IT leaders remain skeptical of digital transformation and IoT

Cisco's survey on digital readiness suggest that information technology (IT) leaders around the world are not yet convinced of the industry’s ability to drive digital transformation, which is bad news for the Internet of Things (IoT).

05/29/2016


Image courtesy: Hannover MesseCisco's international survey regarding digital readiness suggests that information technology (IT) leaders around the world are not yet convinced of the industry's ability to drive digital transformation, which is bad news for the Internet of Things (IoT).

The premise of the survey is the "fourth era of industrial evolution," which will be characterized by increased digitization. This will in turn rely on a combination of the IoT, analytics, automation, and machine learning. The result will be secure industrial connectivity, autonomic infrastructure, and predictive ecosystems.

Cisco's survey took into account the opinions of 2,040 enterprise IT leaders across eight countries and eight industries. The complete results are being released gradually, but Cisco revealed some interesting comparison points between the U.K. and Germany.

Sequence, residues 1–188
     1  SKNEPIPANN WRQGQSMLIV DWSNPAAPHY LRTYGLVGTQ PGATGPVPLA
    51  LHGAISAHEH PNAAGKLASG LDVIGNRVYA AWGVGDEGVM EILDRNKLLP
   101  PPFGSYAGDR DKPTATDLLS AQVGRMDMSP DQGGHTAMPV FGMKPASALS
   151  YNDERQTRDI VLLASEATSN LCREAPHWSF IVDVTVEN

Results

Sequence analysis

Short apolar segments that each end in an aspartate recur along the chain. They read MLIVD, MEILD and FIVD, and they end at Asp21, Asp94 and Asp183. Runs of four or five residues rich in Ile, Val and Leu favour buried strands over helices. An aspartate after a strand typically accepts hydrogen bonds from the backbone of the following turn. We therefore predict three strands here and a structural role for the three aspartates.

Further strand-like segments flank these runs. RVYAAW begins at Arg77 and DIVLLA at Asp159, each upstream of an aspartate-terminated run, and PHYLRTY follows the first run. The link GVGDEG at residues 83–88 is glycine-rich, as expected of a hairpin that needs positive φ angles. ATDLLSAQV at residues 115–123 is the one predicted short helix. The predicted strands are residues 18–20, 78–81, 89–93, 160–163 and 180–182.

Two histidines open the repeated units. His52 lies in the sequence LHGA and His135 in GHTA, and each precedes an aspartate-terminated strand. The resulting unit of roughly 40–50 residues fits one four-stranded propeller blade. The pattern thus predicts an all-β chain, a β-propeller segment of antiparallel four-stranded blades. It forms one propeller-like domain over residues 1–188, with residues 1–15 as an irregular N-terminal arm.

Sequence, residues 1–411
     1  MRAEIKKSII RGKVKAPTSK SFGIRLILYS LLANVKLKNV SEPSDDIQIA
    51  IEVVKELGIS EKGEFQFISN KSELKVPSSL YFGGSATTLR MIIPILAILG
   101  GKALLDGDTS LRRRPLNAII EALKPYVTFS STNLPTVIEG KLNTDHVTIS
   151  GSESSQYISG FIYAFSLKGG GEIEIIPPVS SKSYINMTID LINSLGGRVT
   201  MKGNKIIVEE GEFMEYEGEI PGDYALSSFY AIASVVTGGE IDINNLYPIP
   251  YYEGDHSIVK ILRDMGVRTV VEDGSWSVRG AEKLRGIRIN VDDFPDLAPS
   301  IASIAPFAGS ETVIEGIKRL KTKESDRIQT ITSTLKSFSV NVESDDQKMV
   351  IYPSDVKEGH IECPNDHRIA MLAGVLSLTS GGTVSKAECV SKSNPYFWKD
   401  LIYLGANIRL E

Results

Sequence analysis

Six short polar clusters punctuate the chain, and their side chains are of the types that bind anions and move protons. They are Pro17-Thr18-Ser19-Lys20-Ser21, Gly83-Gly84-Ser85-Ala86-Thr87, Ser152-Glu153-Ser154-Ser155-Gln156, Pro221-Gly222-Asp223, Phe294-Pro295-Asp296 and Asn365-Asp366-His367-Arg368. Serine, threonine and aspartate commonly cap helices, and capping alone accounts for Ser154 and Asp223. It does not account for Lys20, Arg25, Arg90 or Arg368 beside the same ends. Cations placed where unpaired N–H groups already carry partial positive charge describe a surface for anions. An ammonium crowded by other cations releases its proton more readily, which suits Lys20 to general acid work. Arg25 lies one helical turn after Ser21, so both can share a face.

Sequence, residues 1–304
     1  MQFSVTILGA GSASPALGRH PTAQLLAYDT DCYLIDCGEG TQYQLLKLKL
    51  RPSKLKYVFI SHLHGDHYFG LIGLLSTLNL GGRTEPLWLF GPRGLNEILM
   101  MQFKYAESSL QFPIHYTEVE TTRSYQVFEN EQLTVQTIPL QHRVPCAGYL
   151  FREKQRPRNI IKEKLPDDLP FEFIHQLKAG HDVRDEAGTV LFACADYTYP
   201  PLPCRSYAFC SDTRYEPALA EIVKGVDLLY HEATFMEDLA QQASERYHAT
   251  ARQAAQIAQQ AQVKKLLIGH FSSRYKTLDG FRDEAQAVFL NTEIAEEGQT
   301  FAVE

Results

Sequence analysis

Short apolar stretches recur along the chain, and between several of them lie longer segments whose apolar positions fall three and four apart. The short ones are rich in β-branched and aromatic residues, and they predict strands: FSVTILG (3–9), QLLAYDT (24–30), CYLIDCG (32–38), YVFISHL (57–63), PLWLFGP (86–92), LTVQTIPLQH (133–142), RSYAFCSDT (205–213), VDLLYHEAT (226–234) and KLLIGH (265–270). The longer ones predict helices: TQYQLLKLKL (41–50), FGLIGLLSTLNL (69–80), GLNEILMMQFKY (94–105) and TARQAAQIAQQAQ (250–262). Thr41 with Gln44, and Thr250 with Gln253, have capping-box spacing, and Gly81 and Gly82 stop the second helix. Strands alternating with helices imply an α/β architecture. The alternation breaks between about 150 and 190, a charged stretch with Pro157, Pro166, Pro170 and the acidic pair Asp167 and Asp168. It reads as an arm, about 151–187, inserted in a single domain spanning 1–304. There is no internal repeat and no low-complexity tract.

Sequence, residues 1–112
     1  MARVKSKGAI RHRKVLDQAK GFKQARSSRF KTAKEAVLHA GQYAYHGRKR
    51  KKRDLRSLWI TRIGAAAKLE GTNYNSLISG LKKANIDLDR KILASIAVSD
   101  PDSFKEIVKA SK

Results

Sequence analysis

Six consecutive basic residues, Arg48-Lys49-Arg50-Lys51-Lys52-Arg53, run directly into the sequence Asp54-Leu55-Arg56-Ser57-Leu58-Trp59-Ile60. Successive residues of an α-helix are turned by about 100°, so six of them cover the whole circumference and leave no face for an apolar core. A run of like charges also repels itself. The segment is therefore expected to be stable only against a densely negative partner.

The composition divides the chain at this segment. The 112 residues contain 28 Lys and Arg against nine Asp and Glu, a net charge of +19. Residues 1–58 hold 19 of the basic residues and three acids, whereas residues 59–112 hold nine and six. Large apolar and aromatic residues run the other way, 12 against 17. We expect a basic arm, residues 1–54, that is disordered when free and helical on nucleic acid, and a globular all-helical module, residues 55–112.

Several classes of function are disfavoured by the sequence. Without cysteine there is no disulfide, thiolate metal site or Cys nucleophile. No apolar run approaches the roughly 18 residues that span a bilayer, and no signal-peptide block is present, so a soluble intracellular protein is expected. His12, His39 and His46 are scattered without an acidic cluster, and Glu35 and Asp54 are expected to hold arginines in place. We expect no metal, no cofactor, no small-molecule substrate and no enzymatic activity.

IT modernization is multi-year effort, so even the most advanced organizations are only a part of the way toward complete digital readiness. In the Cisco survey, the most advanced companies scored only 77 on a 100-point scale—results that suggest performance at the top is passable, but that there is significant room for improvement. The U.K. and Germany scored an average of 75 and 72 respectively.

Less advanced companies scored only 48 out of 100. Factors hindering digital readiness highlighted by the survey are familiar and include compliance to security policies, security itself, IT automation, and the time it takes to provision new infrastructure.

Daryl Miller, vice president of engineering at Lantronix, said: "Issues persist because integrating IoT connectivity into millions of existing enterprise and industrial devices is much more complex than it appears. The challenge is so difficult that many organizations attempt to build an IoT infrastructure from scratch, depleting a substantial amount of resources, only to fall short of their desired objectives. Companies need to keep the IoT simple by adapting their existing systems to become compatible with the IoT. This means that the functionality, design and continued use of critical systems won't be impacted." 

Malek Murison is editor at Internet of Business, which is hosting the Internet of Manufacturing Conference November 1-2, 2016, in Chicago. This article originally appeared hereInternet of Business is a CFE Media content partner. Edited by Chris Vavra, CFE Media, cvavra@cfemedia.com.

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